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I've been hearing a lot about exchange-traded funds, or ETFs. What exactly are they, and how would I use them?

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Wikipedia has a fairly detailed explanation of ETFs.

http://en.wikipedia.org/wiki/Exchange-traded_fund

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ETFs offer the flexibility of stocks while retaining many of the benefits of mutual funds. Since an ETF is an actual fund, it has the diversification of its potentially many underlying securities. You can find ETFs with stocks at various market caps and style categories. You can have bond or mixed ETFs. You can even get ETFs with equal or fundamental weighting. In short, all the variety benefits of mutual funds.

ETFs are typically much less expensive than mutual funds both in terms of management fees (expense ratio) and taxable gains. Most of them are not actively managed; instead they follow an index and therefore have a low turnover. A mutual fund may actively trade and, if not balanced with a loss, will generate capital gains that you pay taxes on. An ETF will produce gains only when shifting to keep inline with the index or you yourself sell. As a reminder: while expense ratio always matters, capital gains and dividends don't matter if the ETF or mutual fund is in a tax-advantaged account.

ETFs have no load fees. Instead, because you trade it like a stock, you will pay a commission. Commissions are straight, up-front and perfectly clear. Much easier to understand than the various ways funds might charge you. There are no account minimums to entry with ETFs, but you will need to buy complete shares. Only a few places allow partial shares. It is generally harder to dollar-cost average into an ETF with regular automated investments.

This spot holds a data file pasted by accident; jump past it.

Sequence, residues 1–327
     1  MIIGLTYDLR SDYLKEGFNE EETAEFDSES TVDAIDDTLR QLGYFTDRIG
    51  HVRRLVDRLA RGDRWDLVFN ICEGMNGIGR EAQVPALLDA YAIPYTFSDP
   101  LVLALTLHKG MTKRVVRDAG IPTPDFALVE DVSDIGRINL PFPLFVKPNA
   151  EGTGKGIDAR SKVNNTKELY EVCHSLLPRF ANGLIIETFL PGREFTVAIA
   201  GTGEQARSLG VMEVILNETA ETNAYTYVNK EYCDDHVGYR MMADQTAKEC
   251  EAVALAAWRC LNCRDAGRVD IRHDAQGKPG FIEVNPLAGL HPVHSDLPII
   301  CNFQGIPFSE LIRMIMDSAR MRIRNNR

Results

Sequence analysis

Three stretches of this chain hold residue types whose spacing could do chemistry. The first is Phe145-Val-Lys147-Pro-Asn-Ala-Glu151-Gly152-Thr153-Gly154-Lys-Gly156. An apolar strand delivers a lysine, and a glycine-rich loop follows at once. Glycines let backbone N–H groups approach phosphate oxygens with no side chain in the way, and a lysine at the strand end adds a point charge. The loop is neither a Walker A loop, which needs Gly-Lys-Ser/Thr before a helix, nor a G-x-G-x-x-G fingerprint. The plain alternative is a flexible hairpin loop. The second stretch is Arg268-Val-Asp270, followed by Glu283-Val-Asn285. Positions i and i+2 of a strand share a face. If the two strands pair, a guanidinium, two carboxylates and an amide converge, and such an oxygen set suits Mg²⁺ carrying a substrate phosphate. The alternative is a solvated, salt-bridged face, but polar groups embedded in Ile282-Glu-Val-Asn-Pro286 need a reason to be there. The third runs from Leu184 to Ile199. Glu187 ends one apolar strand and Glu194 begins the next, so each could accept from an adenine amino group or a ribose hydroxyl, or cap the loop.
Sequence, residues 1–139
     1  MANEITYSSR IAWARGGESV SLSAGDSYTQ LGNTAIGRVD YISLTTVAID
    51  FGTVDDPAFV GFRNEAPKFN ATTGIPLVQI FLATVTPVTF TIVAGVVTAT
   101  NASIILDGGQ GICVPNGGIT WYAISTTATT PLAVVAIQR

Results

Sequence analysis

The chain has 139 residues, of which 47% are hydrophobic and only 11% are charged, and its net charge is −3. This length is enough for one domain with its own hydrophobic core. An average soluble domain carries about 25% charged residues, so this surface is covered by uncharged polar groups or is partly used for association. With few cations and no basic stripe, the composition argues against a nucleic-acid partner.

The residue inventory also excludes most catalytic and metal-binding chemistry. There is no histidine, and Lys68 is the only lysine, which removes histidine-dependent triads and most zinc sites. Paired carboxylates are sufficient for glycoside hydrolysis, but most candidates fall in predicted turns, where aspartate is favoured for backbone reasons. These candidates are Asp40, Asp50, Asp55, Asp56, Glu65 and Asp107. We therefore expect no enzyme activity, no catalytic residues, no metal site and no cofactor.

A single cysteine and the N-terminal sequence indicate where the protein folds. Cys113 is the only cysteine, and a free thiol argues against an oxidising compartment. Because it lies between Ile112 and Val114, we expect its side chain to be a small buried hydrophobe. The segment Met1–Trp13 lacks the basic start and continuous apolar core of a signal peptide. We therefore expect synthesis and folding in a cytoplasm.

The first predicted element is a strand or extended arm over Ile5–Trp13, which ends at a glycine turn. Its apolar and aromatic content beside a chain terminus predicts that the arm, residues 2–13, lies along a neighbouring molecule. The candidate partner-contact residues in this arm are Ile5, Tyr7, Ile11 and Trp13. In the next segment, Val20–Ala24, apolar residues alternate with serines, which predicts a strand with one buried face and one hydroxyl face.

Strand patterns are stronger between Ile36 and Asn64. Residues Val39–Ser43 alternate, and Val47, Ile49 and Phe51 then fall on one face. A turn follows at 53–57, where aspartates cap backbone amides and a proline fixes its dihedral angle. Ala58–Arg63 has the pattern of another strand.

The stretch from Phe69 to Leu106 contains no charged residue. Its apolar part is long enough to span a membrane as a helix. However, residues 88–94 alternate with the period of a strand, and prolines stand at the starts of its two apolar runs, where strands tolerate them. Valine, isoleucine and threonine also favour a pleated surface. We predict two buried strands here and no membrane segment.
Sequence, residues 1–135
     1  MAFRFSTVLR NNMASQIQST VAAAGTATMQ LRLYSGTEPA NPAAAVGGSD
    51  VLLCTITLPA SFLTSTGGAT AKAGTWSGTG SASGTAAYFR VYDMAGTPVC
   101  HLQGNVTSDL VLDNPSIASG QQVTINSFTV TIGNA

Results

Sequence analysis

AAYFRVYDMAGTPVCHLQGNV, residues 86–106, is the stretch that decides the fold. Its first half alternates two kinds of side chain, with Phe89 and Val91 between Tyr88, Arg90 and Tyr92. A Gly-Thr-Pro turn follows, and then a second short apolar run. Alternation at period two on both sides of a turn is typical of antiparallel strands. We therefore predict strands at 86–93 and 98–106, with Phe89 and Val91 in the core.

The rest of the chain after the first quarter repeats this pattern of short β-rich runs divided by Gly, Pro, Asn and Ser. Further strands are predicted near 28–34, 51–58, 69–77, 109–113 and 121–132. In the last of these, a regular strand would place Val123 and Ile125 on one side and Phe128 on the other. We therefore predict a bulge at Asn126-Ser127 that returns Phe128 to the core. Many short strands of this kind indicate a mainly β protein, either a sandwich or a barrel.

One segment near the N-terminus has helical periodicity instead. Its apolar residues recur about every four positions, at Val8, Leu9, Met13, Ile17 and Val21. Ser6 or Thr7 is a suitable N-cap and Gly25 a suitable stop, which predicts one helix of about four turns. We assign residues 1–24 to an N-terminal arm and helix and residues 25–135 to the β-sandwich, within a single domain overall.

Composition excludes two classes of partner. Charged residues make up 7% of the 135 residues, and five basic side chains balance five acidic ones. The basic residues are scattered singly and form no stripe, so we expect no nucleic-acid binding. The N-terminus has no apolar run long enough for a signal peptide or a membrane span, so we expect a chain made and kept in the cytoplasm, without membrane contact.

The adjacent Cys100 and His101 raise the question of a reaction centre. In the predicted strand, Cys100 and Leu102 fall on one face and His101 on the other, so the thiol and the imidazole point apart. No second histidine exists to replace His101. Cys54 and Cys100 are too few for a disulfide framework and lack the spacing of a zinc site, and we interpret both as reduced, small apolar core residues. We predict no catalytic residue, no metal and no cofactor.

Also, like trading stocks, you can do those fancy things like selling short, buying on margin, options, etc. And you can pay attention to the price fluctuations throughout the day if you really want to.

Things to make you pause: if you buy (no-load) mutual funds through the parent company, you'll get them at no commission. Many brokerages have No Transaction Fee (NTF) agreements with companies so that you can buy many funds for free. Still look out for that expense ratio though (which is probably paying for that NTF advantage). As sort of a middle ground: index funds can have very low expense ratios, track the same index as an ETF, can be tax-efficient or tax-managed, free to purchase, easy to dollar-cost average and easier to automate/understand.

Further reading:

  • Note that the difference in fees between an ETF and a mutual fund is just how things tend to work out, not anything intrinsic about the ETF structure itself. – fennec Mar 29 '11 at 20:25
  • Note also that the important distinction is that mutual funds tend to generate returns that you need to pay capital gains taxes on immediately, sometimes as short-term capital gains - as opposed to when you want to exit the investment years later (and are probably realizing long-term capital gains at a lower rate, and also getting back the cash to pay the taxes with at the same time). – fennec Mar 29 '11 at 20:28

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